Every morning I get up a few hours before anyone else in my house. I use this quiet time to read, think, write, and drink coffee–it’s my time. It’s also a lonely time. Sometimes solitude is good, but other times I wish there was someone with whom to share the a-ha moments. Hence, I keep a journal. Actually, journals…and index cards…and many, many unfinished docs on the computer–ideas that I hope to turn into something else, to share with others through my blog, a book, or even just a conversation.
I read Chimamanda Ngozi Adichie’s Americanah earlier this summer. Ifemelu, the main character, is a blogger. I read Ifemelu’s blog posts included in the book and admired her keen sense of observation and direct language. I read about her experience of transforming her blogging hobby into a full-time career with a wistful sense of hope. But it was a quick mention of one type of blog post that really stuck with me–Ifemelu called it “Mishmash Fridays.” Her Mishmash Friday posts allowed her to list some of the things she was thinking about without all the behind-the-scenes work of a typical blog post.
I realized that if I could incorporate Mishmash Fridays into my own blog, I could share some of these scraps of paper, this brainwork I collect. Perhaps some of these ideas I’ve been mulling over, unable to shape into anything concrete, will inspire another teacher who has the time to work his or her magic on it and bring it to the classroom.
So in the spirit of summer planning and back-to-school excitement, I offer you my first unformed idea: a culture wall.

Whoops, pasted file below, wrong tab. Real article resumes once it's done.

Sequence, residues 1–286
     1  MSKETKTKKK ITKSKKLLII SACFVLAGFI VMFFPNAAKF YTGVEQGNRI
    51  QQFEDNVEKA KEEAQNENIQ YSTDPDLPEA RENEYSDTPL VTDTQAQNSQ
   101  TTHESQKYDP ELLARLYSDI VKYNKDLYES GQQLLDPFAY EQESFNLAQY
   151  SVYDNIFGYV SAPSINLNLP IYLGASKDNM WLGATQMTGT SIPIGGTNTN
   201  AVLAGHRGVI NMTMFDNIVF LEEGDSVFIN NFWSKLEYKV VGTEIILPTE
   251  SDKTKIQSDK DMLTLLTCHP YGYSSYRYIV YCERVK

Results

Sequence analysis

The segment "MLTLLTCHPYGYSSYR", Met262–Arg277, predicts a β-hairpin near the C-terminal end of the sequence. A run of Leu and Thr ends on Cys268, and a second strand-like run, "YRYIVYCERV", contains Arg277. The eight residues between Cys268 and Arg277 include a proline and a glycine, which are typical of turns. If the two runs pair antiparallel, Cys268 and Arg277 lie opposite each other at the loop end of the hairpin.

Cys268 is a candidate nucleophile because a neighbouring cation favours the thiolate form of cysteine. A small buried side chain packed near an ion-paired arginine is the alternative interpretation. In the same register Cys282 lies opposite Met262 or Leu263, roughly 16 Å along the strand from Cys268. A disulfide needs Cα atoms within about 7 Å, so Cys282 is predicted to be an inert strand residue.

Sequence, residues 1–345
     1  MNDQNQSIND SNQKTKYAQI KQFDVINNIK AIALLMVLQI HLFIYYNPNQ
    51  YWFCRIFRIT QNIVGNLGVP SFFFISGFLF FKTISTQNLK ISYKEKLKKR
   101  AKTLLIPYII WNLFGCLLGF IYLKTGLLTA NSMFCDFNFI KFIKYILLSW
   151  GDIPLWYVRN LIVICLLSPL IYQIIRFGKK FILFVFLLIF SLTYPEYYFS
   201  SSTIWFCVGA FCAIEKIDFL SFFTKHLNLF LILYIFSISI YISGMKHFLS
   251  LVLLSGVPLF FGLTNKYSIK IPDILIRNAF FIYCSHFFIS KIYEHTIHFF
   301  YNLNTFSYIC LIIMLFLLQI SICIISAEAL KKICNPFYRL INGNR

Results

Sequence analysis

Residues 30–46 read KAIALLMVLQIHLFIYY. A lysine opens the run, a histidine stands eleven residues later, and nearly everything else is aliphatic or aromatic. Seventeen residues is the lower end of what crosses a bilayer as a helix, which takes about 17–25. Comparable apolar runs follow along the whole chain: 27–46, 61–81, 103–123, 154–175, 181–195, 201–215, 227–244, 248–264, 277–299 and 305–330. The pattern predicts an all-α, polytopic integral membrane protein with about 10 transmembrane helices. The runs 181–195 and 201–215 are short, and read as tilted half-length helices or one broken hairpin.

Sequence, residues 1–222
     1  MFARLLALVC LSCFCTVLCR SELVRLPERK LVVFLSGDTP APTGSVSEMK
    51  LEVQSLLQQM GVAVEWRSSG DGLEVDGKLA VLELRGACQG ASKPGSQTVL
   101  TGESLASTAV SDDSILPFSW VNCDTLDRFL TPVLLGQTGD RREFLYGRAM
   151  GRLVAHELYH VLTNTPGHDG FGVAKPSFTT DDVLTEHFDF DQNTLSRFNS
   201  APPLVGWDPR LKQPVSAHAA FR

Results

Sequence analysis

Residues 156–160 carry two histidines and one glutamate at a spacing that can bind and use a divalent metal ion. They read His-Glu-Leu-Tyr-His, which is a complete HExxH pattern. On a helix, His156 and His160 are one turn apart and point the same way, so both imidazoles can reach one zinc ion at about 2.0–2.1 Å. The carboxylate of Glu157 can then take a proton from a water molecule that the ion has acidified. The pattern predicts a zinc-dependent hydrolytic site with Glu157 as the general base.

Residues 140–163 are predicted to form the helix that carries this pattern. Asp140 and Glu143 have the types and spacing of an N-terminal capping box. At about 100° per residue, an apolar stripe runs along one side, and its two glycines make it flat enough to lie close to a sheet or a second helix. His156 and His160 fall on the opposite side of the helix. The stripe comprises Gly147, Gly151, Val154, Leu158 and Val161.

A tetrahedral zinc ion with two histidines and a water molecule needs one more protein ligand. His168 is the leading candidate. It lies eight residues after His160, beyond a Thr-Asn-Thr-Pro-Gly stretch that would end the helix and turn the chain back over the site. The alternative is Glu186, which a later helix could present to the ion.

I’m working on this myself, but by the time I get it complete, take some pictures, and explain the process, we’ll be three months into the school year, and if you are similarly inspired, you’re going to need to act now to get this off the ground when your students enter your classroom in August or September.
Some ideas and background information to get you started:
- This article from Ben Hardy gave me the initial idea.
- This Chicago Tribune article shows how Loyola’s Wall of Culture inspires a common vision and vocabulary within the basketball team.
- Some of these images are a little too corporate, and others don’t even have words, but I was inspired by the variety of expression in these photos.
- I like how this Psychology Today article explains that we have to go beyond posting the ideas–we must truly integrate the values into our culture. Think about what that looks like in a classroom.
Our students see the classroom rules on the wall in every classroom they enter. What if we start posting the things they can do, as opposed to the things they can’t? We know that Word Walls work. Anyone willing to give Culture Walls a try?
Please share with me what you do and how your students respond. I’m definitely going to revisit this idea in the fall; it would be great to have some examples to share!